MOSCOW, April 7. /TASS/. The Russian Navy’s oceanographic research vessel Admiral Vladimirsky has arrived in the D’Urville Sea in the Antarctic to identify the location of the South Magnetic Pole’s point, Navy Spokesman Captain 1st Rank Igor Dygalo announced on Tuesday.
"The vessel Admiral Vladimirsky has arrived in the D’Urville Sea, which washes the Antarctic, to carry out oceanographic research with the aim of identifying the location of the South Magnetic Pole’s point. The relevant report has come from the board of the oceanographic research vessel Admiral Vladimirsky to Russian Navy Commander-in-Chief Admiral Nikolai Yevmenov via a special communications channel," the spokesman said.
By now, the oceanographic research vessel has covered a distance of about 27,000 nautical miles along the route of Russia’s circumnavigation voyage devoted to the 200th anniversary of the discovery of the Antarctic by Russian explorers and the 250th anniversary of the birth of admiral and explorer Ivan Kruzenshtern. The expedition started in December 2019 and will last until June this year.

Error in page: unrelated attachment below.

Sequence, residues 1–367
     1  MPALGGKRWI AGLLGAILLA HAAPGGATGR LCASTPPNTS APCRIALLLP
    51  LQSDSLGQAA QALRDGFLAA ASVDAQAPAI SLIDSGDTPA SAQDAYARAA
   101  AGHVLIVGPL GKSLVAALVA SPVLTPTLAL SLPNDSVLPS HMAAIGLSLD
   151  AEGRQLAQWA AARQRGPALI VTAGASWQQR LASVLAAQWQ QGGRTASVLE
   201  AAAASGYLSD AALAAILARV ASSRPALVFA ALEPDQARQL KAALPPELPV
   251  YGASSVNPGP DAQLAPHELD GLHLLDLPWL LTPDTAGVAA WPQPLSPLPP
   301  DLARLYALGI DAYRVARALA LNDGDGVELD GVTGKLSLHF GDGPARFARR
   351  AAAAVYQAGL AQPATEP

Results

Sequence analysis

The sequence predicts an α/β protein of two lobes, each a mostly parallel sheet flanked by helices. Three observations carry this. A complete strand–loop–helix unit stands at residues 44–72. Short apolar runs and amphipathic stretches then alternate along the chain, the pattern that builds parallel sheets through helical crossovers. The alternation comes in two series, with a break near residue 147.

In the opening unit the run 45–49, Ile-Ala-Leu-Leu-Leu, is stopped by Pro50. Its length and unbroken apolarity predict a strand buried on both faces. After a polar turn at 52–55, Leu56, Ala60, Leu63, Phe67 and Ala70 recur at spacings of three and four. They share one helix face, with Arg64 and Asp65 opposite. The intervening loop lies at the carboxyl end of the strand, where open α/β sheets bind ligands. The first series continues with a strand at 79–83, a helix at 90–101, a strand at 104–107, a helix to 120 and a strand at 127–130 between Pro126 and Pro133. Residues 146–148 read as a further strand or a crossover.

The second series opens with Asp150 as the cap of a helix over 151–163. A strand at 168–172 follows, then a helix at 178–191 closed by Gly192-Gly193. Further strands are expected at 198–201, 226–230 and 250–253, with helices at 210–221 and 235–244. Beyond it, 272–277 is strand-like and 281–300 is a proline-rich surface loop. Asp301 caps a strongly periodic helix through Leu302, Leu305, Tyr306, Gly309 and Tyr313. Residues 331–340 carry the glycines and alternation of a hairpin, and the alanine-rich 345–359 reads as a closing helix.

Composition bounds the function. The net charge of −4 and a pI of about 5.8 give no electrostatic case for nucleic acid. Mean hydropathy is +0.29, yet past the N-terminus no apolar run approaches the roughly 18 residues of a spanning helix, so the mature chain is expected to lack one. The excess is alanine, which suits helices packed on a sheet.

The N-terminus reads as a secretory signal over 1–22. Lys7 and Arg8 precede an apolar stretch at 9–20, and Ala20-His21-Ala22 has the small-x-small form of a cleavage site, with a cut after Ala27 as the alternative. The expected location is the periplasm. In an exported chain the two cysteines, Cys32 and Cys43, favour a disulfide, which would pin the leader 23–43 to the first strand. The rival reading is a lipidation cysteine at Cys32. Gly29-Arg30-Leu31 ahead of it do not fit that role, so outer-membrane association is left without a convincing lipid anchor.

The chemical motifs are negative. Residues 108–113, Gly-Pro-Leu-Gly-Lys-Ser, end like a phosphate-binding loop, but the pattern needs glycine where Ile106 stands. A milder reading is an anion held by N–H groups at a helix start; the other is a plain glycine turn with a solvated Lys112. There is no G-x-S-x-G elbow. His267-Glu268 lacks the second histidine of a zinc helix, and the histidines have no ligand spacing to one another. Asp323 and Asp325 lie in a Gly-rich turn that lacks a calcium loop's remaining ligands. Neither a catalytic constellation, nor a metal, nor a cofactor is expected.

"Navy Commander-in-Chief Admiral Nikolai Yevmenov has ordered to analyze the data on the round-the-world expedition on a daily basis in interaction with the Russian Geographical Society’s center operational under the auspices of the Navy Main Command," Dygalo said.
The D’Urville Sea is a marginal sea of the Pacific sector of the Southern Ocean, which washes Adelie Land in East Antarctica. The southern part of the sea lies within the mainland shoal and is less than 500 meters deep while its northern portion has a depth of up to 3,610 meters. Most of the year, the sea is covered with drift ice.
The hydrographic ship Marshal Gelovani and the oceanographic research ship Yantar are also taking part in the round-the-world expedition along different routes.
The oceanographic research vessel Admiral Vladimirsky was built in Szczecin (Poland) in 1975. The vessel is operational in Russia’s Baltic Fleet. It displaces 9,120 tonnes, has an operating range of 18,000 miles and a crew of 170 men.